2. Primary Chords and Inversions- Colored Cheat Sheet
Lesson 2 Module 1
Here's a quick and easy way to introduce the I-IV-V-I
Learn the correct fingering for all 12 major scales - FAST
The trickiest part of learning to play the scales is learning the proper fingering. Usually I am not a draconian teacher when it comes to fingering, but the fingering for scales is very, very important. Not only will you get docked points if you play them wrong in competitions or a keyboard harmony class, but like broccoli and spinach, they're simply good for you. Learning the scales with the proper fingering helps a person gain mastery over the piano, helps the fingers move around the keyboard with ease without being limited by the distances their five-fingered-hands could cover without an opposing thumb. The Major Scales Fingering Chart printable sheets will help you get started!
I've created color-coded 1-octave fingering charts as a primer introduction to the scales. Each of these fingerings are the fingering you would use to go up and down one octave. In the C, G, D, A, and E printable that comes first, for example, the right hand ends on "5". If you were going to keep going, you would cross your thumb under for an extended fingering of 123,1234,123,1234, (5). Some of the printables, like the A-flat sheet pictured above, show the correct fingering for any number of octaves. A simple google search or a trusty Hanon exercise book will give you the extended fingering for all of the scales. But you've got to start somewhere, and one octave is a great place to start, especially for the earlier beginners.
How the Printables Work
These printables are a little different than other scale charts on the web. They were designed for use with the movable-do piano insert. The little piano(s) on the left show the Do-Re-Mi locations for each scale, and especially where to line the "Do" on your insert up on your keyboard. The fingering is then color-coded on the printable to match the colors on the insert behind each key. Pretty nifty, right? No music reading skills required, no guess work remembering which note comes next, just the basics of color matching and knowing your finger numbers.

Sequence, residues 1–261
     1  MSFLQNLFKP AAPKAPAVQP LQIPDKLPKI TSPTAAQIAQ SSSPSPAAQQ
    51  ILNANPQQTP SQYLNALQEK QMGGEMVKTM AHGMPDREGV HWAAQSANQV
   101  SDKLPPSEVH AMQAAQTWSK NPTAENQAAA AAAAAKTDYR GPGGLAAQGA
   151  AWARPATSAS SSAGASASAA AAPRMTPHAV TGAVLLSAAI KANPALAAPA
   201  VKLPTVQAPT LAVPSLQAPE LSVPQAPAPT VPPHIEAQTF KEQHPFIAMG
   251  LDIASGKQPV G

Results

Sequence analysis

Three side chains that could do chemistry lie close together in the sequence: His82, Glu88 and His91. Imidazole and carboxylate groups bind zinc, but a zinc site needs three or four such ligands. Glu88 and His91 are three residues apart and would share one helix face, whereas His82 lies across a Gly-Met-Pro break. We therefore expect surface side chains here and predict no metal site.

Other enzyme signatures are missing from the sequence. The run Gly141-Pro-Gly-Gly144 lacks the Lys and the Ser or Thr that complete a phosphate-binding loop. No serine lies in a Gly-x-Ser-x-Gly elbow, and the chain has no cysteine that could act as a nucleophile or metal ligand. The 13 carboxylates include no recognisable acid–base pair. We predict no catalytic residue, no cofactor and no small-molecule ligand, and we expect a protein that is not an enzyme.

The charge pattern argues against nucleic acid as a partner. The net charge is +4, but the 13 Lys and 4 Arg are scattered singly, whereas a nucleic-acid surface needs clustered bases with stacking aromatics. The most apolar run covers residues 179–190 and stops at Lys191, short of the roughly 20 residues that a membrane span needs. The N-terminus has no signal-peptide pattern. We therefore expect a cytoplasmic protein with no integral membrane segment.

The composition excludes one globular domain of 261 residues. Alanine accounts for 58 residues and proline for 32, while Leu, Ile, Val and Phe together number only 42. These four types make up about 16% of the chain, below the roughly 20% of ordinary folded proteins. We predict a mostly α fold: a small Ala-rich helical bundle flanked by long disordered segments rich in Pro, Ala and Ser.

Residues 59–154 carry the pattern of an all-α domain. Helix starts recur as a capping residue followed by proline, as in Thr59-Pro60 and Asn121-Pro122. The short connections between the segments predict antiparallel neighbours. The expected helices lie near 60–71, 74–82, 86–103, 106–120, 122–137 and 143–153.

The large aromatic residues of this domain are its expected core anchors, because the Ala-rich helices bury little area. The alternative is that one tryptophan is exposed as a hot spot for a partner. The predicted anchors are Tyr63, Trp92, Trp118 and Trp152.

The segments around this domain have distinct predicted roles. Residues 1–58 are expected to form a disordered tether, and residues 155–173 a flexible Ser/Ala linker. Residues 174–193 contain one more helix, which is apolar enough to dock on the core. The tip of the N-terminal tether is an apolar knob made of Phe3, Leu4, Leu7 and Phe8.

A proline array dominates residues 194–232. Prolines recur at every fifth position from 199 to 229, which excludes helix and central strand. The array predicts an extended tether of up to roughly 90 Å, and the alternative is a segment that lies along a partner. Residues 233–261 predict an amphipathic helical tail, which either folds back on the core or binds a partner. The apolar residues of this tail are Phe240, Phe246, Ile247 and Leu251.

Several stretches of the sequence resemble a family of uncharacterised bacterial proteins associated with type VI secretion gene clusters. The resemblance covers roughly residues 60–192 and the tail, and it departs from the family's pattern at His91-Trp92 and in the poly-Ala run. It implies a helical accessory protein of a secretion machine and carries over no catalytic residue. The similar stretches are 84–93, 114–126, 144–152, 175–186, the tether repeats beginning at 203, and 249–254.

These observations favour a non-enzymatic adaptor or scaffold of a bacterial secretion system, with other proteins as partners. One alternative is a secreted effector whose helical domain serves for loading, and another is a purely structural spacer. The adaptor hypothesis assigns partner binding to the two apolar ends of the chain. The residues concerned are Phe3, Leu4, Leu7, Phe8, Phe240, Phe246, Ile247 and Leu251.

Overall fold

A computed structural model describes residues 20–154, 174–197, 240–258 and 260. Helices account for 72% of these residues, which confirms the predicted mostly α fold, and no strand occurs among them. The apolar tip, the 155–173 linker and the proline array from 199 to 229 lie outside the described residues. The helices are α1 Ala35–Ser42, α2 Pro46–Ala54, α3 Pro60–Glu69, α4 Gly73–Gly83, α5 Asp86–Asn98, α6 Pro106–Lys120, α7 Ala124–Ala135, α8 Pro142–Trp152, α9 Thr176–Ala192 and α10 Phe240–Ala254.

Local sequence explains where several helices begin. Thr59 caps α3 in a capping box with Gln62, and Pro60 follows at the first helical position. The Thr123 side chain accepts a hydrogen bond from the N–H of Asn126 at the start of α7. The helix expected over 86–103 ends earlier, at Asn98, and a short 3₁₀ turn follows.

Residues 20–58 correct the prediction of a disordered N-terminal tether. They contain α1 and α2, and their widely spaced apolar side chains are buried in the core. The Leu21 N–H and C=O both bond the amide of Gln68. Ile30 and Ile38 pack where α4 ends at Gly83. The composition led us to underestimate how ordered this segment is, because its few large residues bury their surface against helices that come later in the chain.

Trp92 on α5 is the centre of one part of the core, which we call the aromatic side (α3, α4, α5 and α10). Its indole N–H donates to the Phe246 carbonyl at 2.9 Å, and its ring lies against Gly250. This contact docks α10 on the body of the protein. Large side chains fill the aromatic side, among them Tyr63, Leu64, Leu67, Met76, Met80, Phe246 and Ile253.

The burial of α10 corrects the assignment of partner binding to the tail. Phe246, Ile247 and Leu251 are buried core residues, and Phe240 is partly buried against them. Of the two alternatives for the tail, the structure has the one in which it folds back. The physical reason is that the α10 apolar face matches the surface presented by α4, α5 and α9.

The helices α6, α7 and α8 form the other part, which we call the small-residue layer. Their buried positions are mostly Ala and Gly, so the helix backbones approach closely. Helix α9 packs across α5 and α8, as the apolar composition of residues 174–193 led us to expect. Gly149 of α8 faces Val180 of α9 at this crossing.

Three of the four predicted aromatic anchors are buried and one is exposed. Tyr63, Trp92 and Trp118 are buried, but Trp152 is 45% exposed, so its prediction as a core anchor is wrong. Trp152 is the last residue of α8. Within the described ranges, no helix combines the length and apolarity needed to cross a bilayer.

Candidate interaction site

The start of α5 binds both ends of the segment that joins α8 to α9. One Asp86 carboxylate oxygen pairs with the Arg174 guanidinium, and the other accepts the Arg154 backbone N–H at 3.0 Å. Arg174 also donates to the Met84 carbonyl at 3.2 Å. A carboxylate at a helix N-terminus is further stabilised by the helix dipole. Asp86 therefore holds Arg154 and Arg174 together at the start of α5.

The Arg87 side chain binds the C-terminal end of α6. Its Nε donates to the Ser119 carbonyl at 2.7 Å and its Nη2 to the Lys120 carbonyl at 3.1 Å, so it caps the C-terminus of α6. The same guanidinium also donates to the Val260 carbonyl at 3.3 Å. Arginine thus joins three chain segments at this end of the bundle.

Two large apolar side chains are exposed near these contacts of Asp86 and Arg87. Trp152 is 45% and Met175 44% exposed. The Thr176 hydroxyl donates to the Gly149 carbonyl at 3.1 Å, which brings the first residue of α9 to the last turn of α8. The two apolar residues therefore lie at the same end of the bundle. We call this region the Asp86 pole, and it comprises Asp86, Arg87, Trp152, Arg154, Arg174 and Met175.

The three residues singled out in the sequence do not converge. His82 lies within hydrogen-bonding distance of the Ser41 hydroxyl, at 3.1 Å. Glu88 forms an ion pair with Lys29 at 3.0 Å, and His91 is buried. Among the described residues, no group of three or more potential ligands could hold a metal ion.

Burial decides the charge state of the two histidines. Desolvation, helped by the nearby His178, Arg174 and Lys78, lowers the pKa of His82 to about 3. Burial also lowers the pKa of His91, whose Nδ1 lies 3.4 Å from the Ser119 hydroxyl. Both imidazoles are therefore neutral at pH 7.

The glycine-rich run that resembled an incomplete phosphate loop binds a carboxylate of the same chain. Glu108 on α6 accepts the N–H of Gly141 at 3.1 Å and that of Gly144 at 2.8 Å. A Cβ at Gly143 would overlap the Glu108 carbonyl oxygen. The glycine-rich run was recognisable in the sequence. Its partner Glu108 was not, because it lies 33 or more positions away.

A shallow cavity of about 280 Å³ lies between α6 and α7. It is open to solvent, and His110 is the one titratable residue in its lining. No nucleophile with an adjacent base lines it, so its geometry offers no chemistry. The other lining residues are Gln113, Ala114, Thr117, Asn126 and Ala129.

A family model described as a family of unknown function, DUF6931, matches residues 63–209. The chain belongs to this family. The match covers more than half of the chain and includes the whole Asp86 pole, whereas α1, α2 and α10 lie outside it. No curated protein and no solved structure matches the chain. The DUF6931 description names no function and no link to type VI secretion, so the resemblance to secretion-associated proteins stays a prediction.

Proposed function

Understanding the "Why" behind fingerings
Why indeed? Why not always use 123,1234,123,12345, or 123,123,12... or even 12,12,12,12? The biggest deciding factor behind the given fingerings is that the thumb, for some reason, has an aversion to black notes. Oh, he'll play them in octaves if the pinky is there to back him up, and sometimes in special circumstances if he doesn't have a choice, but you see, he'd really rather not play those black notes at all if he can help it. It's just not ergonomic and he knows that the path of least resistance is sometimes the best path for greater efficiency. The thumb is the strong man player, and the smaller fingers are better at all those quick little away-missions on the black keys.
With an understanding that the thumb is scared of black notes, all of the scale fingerings will make more sense. They are built around letting the thumb stay on the white notes.
A Closer Look at the Printables
Let's take a look at these printables. The first one shows 5 different pianos on the left, with "Do" placed on C, G, D, A, and E, respectively. That's because the fingering for these 5 scales is the same! The default- finginging for the right hand is, therefore, 123, 1234 (5), and for the left hand, (5)4321, 321. Learn this fingering on the C-major scale first, and then practice playing them on in the other 4 positions. Many songs are written in these 5 keys, so you're off to a good start. Note too, that we are following the circle of 5ths. C, G (1 sharp), D (2 sharps), A (3 sharps), and E (4 sharps). We could keep going and do "B" next, but I'm saving it for later. Let's pretend to go back to C, and follow the circle of 5ths backwards now.